The sun shines a lot in New Mexico, and homeowners are taking advantage of it. The amount of power generated by residential photovoltaic systems in New Mexico has risen by 2050 percent in the past five years. And nearly 800 residential systems were installed in Santa Fe County since 2008.

And if you’re wondering about resale value, the news is equally positive. A 2013 analysis by the Appraisal Institute, Chicago, found that photovoltaic systems “typically increase market value and almost always decrease marketing time of single-family homes in the Denver metropolitan area.” And the results of a larger study by the U.S. Department of Energy’s Lawrence Berkeley National Laboratory, released earlier this year, found that the “PV premium” amounts to about $4 per watt — in other words, a 4-kilowatt system adds about $16,000 to the value of a home.

Photovoltaic modules, which use light (photons) to move electrons in a circuit — what’s known as the photovoltaic effect — are much more efficient than a decade ago.

One of the advantages of producing your own power is “net metering.” When you have a standard grid-tied system, the power from your solar array that you don’t use goes into the utility grid and you accumulate credits that you can use at night and in the wintertime.

“I have actually paid nothing to PNM since I installed my system,” said Joyce Lathrop, who had Positive Energy Solar install a 2.29-kilowatt system at her house in July 2014. “There were actually two months in the winter where I paid a bill, but it nets out to zero.”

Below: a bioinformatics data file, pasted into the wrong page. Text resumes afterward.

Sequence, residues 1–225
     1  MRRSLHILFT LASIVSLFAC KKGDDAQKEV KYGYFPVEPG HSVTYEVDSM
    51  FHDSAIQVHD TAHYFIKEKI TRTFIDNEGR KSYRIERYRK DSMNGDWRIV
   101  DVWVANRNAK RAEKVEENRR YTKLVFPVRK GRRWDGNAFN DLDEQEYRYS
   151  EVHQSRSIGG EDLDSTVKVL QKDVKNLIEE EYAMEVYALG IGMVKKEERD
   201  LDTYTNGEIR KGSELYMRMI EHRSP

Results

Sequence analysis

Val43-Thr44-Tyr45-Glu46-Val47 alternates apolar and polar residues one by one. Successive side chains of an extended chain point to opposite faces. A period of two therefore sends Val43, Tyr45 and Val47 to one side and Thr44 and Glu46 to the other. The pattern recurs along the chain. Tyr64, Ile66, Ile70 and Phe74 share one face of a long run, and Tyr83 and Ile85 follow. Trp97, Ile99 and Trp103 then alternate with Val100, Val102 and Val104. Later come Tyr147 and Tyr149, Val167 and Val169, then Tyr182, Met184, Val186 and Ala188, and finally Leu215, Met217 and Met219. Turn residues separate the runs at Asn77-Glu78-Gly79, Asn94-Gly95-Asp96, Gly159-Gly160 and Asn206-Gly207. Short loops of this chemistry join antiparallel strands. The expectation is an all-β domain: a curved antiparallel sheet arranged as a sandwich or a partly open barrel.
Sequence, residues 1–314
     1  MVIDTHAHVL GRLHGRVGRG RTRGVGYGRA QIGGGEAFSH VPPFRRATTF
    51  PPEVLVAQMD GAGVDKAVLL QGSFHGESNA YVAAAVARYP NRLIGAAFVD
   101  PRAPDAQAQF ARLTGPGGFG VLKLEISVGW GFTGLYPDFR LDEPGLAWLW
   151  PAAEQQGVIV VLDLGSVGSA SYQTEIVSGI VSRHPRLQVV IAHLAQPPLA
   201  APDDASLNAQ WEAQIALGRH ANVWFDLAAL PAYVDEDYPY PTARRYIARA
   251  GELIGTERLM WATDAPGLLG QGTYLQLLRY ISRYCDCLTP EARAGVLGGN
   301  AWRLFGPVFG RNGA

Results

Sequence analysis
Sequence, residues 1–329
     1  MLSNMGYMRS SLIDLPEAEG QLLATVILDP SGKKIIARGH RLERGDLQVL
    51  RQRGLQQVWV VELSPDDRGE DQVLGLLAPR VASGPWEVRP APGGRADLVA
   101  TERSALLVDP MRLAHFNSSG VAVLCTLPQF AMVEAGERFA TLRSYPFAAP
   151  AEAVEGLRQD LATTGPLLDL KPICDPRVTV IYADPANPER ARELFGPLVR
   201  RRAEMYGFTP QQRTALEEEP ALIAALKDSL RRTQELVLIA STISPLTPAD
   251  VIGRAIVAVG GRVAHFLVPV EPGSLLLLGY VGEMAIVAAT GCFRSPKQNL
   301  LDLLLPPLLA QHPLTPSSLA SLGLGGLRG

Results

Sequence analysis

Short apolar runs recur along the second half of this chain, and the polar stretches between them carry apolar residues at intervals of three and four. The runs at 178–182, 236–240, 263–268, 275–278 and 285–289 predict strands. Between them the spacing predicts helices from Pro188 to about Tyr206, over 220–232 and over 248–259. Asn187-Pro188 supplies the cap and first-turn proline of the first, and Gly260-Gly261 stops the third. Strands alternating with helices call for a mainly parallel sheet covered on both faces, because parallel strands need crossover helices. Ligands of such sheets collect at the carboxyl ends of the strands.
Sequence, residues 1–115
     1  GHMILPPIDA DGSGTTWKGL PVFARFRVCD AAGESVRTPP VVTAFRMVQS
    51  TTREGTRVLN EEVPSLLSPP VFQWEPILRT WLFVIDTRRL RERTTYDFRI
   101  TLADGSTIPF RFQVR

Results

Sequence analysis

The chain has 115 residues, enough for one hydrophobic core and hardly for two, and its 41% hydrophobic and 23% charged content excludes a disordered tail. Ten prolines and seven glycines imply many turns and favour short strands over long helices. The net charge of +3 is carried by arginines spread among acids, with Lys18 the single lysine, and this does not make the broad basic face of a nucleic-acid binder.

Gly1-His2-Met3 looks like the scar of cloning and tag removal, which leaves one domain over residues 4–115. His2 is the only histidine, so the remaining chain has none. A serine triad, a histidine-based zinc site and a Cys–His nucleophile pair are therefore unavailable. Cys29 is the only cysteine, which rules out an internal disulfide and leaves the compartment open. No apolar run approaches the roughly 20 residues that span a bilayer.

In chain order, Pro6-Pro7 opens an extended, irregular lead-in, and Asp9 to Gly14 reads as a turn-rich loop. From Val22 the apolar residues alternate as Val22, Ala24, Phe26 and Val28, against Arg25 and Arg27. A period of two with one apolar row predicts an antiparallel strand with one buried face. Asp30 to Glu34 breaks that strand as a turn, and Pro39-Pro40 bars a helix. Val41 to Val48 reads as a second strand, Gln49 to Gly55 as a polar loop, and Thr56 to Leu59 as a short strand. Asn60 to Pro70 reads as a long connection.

Another reason to go with PV is that it offers some degree of self-reliance. “There’s a lot of uncertainty about where our energy will come from, and about regulatory issues, and storms that can cause power interruptions, so people are thinking more about independence,” said Karen Paramanandam with Positive Energy Solar in Santa Fe.

If you decide you want to go solar, gather 12 months of your electric bills and call a solar installer for a free evaluation. You want to know what size system you need and where to put it — “what will get you maximum power with the available shade-free square footage,” as Paramanandam put it.

Installing on the rooftop requires that the roof be sound and solid. “Can it take the weight and the wind load? It’s a complex design challenge,” she said, adding that this isn't an issue with ground mounts; plus, those are preferable because there will be better ventilation. PV panels lose efficiency when they overheat.

Some people choose to add a mechanism that turns the array to follow the sun. That can increase your power generation by up to 40 percent, but trackers require regular maintenance. A static array can basically sit there generating power untended for decades.

What about camouflaging PV? Siting solar arrays is an ongoing challenge in Santa Fe’s historic district and in Eldorado, to give two examples. “We work with the city’s Historic Districts Review Board and homeowner associations and architectural review boards and at the request of clients typically we’ll put out a letter to neighbors,” Paramanandam said. “We try to be an advocate for best practices in solar.”


The typical Santa Fe house requires a 4-kilowatt system, or about 12 SunPower-brand modules. On a good day they will produce 700 kilowatt-hours. If your home electrical system is up to snuff and there are no issues with your roof or other special circumstances, such a system will cost you about $23,000.